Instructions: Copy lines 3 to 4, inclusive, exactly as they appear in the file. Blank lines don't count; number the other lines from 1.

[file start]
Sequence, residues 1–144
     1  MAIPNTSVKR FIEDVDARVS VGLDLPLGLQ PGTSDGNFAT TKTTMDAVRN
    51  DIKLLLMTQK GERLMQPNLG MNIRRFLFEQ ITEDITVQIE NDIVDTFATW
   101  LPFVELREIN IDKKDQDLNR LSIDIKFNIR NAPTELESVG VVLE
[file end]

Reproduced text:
    51  DIKLLLMTQK GERLMQPNLG MNIRRFLFEQ ITEDITVQIE NDIVDTFATW
   101  LPFVELREIN IDKKDQDLNR LSIDIKFNIR NAPTELESVG VVLE